So with our politicians. They have all gone on holiday and only the faintest murmur of disagreement clouds the air. We scarcely know where our leaders are. We may not want to know, I grant you—perhaps the public welcome this respite from having them in our faces all the time—but what about the ‘issues’ that seemed so vitally important during the rest of the year? What are we supposed to believe? That somehow ‘child poverty’ and ‘housing crisis’ have stopped happening? That the poor have taken a break too—kicked back for three or four weeks without a worry in the world before, come 18 January, when cabinet meetings resume, suddenly feeling poor again? I don’t think so. But how is it that politicians can so easily put on the back-burner what for the rest of the year is supposed to be boiling its head off on the front element?

Wednesday, November 13, 2013

Emergency requisitioning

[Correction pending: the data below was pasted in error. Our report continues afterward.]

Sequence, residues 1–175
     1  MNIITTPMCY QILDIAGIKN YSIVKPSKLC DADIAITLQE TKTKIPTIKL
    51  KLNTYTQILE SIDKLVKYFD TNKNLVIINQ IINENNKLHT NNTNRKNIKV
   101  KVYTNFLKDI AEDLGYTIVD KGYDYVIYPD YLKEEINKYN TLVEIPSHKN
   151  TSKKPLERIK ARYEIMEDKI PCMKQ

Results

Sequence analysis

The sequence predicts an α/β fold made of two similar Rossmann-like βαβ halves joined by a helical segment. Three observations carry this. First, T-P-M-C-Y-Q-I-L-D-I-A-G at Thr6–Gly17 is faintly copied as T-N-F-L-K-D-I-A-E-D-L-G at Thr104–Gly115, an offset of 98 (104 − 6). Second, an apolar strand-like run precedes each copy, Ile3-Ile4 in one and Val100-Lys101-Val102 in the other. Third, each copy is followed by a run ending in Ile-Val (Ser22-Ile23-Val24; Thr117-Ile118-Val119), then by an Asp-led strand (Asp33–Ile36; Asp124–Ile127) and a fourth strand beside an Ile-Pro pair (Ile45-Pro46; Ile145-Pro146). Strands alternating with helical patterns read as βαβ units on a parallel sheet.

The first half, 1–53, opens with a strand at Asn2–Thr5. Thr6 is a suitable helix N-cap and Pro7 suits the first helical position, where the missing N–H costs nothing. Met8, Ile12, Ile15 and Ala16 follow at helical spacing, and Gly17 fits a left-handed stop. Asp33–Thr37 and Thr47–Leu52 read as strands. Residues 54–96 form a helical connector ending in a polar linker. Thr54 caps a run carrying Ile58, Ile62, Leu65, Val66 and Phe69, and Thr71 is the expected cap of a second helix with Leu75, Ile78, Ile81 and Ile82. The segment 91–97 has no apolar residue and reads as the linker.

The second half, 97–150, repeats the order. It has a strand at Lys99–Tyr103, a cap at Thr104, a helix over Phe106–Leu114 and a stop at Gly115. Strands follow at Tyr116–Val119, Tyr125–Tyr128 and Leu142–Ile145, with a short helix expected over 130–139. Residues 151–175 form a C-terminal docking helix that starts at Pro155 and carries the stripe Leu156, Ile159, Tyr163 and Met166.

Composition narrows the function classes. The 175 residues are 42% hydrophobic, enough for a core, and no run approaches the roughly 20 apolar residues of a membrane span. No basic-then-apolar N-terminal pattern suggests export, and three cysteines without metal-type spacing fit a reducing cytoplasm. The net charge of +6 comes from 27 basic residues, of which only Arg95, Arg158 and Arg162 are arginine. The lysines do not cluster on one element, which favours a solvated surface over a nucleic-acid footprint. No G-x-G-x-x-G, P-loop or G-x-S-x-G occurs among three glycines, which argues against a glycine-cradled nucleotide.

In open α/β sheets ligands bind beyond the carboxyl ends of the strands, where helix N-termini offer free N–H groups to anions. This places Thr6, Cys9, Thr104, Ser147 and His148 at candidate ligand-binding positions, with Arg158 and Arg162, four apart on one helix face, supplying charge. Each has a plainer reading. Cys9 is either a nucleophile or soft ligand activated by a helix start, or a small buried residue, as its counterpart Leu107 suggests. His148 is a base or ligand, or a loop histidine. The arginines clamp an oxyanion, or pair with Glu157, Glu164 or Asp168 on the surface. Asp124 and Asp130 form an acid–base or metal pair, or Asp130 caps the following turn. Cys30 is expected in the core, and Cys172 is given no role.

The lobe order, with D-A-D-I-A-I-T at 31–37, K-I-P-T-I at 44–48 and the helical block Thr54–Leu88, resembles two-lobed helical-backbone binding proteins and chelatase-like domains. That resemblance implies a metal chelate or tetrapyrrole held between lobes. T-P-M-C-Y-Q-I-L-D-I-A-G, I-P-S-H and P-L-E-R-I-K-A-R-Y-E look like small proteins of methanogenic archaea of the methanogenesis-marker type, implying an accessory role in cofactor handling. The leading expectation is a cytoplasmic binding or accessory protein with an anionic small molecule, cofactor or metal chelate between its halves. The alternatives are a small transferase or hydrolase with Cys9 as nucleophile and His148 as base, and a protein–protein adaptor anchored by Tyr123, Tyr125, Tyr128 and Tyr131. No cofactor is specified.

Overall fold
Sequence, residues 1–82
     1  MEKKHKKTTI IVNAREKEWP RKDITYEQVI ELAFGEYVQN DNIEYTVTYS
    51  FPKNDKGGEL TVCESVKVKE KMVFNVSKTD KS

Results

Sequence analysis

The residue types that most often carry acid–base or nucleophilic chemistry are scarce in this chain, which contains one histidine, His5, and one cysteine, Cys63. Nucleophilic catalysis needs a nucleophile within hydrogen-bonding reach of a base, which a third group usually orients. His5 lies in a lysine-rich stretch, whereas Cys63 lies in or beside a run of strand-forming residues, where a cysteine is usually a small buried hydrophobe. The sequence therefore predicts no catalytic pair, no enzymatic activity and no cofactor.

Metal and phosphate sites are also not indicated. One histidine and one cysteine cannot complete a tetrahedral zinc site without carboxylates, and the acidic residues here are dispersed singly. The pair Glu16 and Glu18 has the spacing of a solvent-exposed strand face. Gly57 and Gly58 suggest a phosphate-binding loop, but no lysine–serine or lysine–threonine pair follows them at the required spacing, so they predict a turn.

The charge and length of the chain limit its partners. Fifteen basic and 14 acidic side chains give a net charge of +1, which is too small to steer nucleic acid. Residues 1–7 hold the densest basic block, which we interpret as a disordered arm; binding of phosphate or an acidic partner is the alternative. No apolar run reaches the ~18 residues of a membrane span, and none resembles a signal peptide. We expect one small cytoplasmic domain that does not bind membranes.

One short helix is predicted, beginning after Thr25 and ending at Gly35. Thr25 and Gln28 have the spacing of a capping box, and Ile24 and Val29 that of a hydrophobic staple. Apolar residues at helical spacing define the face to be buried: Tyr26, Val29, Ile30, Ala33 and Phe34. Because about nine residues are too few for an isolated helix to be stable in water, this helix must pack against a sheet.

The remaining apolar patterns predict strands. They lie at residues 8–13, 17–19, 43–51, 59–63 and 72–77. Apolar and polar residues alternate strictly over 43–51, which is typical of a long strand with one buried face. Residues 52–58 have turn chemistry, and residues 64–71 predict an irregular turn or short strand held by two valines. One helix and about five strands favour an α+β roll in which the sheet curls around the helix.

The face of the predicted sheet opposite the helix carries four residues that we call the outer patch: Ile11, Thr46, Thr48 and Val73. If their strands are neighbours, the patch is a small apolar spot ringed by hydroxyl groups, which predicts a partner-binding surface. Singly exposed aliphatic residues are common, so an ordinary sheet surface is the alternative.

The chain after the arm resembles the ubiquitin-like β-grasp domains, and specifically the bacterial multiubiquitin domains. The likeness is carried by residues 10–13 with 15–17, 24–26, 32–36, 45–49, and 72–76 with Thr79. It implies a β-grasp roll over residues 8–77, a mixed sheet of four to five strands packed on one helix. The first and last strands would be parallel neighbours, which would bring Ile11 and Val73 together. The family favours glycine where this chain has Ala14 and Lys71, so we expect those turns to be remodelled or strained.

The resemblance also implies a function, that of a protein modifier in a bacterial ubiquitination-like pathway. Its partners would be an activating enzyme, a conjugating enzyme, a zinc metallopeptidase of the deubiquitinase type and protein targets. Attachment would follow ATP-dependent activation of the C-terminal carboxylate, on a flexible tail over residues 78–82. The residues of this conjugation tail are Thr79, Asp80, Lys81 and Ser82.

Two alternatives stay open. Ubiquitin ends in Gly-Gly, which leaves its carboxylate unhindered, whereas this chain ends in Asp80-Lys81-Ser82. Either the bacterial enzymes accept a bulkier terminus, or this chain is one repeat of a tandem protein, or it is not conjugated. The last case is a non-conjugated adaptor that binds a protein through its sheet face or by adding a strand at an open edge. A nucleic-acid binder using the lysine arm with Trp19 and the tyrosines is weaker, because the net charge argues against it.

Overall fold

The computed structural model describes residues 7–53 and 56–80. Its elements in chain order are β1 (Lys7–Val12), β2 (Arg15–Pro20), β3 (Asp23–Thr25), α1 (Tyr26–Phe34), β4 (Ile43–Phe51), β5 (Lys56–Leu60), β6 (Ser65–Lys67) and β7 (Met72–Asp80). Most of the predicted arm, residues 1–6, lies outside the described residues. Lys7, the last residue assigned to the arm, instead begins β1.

It was after the Haiti earthquake in 2010 that the American journalist Rebecca Solnit wrote a memorable condemnation of the media’s use of the word ‘looting’ when massive disasters occur. What would you do? she asked. ‘Imagine, reader, that your city is shattered by a disaster. Your home no longer exists, and you spent what cash was in your pockets days ago. Your credit cards are meaningless because there is no longer any power to run credit-card charges. Actually, there are no longer any storekeepers, any banks, any commerce, or much of anything to buy. The economy has ceased to exist.’ If, then, you go out and help yourself to food, water and medicines from stores, she asks, should that make you a criminal? Should you be labelled a looter in the international media? Or are you in fact a rescuer, helping, perhaps to save the lives of your children? In short, Solnit asks (and this is the big question), is the survival of disaster victims more important than the preservation of everyday property relations? Yet here we are again with the survivors of Typhoon Haiyan being labelled looters left, right and centre. I’m with Solnit on this: ‘looting’ and its derivatives are very loaded words, and every time I see or hear them used, I feel we comfortably-off Westerners run the risk of sounding grossly patronizing towards people whose suffering is, for most of us, unimaginable. I agree with her completely when she says we need to banish the word ‘looting’ and call it instead (for example) emergency requisitioning. If you take necessary supplies to sustain human life in the absence of any alternative, she says, ‘Not only would I not call that looting, I wouldn’t even call that theft.’